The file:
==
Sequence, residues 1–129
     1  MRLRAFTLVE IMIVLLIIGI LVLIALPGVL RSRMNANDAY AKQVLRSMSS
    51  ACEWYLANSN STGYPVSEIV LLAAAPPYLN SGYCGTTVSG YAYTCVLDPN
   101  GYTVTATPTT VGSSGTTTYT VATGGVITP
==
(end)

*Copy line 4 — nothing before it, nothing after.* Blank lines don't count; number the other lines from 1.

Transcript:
   101  GYTVTATPTT VGSSGTTTYT VATGGVITP